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Module 4: Enhancing Social Developing for Students with ASD in General Education Classrooms. Lesson 2 Social Skills. Outline. Defining Social Skills Examples of Social Skills Selecting Goals Skill Acquisition vs. Performance Deficits Strategies for Teaching Social Skills.
Defining Social Skills
Examples of Social Skills
Skill Acquisition vs. Performance Deficits
Strategies for Teaching Social Skills
Social skills can be thought of as skills that assist a student in developing social relationships
Bellini (2008) discusses how social skills are learned behaviors that allow a student to interact in ways that result in positive responses from others and avoid negative responses
(these are available from Western Psychological Services at : www.wpspublish.com )
Social skills goals for students with ASD may be on their IEPs
However, that doesn’t mean that you are limited to teaching only those social skills
It is important to address as many social skills throughout the school year as possible
If you are dealing with skill acquisition deficit, there are a variety of explicit teaching strategies that can be used to teach social skills.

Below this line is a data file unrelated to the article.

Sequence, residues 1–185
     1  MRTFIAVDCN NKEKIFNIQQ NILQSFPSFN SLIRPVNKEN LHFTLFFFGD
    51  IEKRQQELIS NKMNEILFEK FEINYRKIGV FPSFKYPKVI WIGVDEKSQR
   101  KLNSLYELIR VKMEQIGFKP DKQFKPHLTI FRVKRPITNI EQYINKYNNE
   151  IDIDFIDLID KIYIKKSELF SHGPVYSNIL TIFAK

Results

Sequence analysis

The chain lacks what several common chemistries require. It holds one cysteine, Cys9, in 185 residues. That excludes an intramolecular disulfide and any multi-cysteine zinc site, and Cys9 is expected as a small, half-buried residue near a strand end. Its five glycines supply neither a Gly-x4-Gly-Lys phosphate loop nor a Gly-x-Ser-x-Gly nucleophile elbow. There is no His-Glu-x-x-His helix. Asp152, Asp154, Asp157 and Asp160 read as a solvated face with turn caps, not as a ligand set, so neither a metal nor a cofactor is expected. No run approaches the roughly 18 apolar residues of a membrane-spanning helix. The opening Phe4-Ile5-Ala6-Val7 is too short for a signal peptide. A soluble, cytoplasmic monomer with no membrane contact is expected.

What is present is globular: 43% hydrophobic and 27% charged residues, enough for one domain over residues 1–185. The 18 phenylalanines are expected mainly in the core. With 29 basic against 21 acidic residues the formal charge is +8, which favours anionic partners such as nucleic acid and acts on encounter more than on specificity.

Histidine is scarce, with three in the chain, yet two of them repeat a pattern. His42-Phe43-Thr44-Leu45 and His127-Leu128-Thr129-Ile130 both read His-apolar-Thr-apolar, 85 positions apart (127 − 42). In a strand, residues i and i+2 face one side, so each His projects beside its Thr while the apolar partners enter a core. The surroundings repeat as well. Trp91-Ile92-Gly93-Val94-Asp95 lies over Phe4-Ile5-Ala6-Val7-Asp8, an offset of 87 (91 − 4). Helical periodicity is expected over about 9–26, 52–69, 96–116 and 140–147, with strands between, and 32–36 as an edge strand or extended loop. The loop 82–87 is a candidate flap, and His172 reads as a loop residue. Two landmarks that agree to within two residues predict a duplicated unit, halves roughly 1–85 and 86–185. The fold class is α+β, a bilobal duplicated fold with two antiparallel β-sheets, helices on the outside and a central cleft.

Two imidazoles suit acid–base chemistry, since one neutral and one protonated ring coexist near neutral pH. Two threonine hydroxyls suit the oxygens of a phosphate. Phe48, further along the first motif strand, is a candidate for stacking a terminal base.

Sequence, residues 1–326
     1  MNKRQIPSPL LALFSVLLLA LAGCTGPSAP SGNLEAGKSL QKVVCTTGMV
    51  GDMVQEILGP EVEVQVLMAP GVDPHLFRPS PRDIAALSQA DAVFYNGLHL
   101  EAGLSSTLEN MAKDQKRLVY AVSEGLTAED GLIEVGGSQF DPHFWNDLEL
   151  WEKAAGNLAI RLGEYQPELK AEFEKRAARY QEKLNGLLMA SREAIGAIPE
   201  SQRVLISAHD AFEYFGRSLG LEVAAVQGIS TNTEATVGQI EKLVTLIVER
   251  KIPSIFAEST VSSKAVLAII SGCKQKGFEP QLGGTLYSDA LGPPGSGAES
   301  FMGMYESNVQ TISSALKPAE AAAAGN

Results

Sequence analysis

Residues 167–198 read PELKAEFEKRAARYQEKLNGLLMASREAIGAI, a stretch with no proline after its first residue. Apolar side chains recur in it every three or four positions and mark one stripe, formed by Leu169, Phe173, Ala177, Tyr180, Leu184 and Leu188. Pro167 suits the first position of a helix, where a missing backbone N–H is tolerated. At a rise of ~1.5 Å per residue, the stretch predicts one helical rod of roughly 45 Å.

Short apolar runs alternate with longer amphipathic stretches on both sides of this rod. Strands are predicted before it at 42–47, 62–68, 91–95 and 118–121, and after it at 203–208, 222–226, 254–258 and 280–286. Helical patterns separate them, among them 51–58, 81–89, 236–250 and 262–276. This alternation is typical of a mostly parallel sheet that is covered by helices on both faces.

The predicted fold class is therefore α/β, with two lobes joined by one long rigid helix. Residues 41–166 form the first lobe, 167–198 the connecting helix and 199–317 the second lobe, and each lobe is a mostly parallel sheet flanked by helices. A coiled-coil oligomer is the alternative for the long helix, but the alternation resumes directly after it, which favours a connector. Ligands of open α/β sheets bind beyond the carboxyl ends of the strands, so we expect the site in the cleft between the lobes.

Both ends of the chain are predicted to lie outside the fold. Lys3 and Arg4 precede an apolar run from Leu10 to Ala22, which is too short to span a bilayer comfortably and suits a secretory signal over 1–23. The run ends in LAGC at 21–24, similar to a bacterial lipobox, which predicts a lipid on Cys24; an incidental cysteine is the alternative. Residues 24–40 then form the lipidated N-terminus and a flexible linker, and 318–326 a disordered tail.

These will be discussed in the strategies section.
Introduction: Introduce the lesson, access background knowledge, provide a rationale
Lesson Presentation: Teach the skill using words, visuals, and demonstration
Guided Practice: Involve the class in demonstrating the skill through role play
Independent Practice: Create multiple opportunities throughout the day for the students to practice the skill. When the students are meeting the expectations, provide positive reinforcement. Provide positive redirection and reminders as needed.
Closure: Review the skill the students learned and summarize the importance of using the skill
The contestants on Survivor love to play games! In fact, playing games on the show is how they win rewards or win immunity. Sometimes the players and teams win their games, but sometimes, they lose. When they win, they give each other "high fives," smile or say, "Alright!" When they lose their game, the Survivors might not be happy. They could take a deep breath and say, "Maybe next time," or say "Good job" to their opponent. The contestants on Survivor think everyone should have fun playing games. They also want you to remember three things when playing games with other people: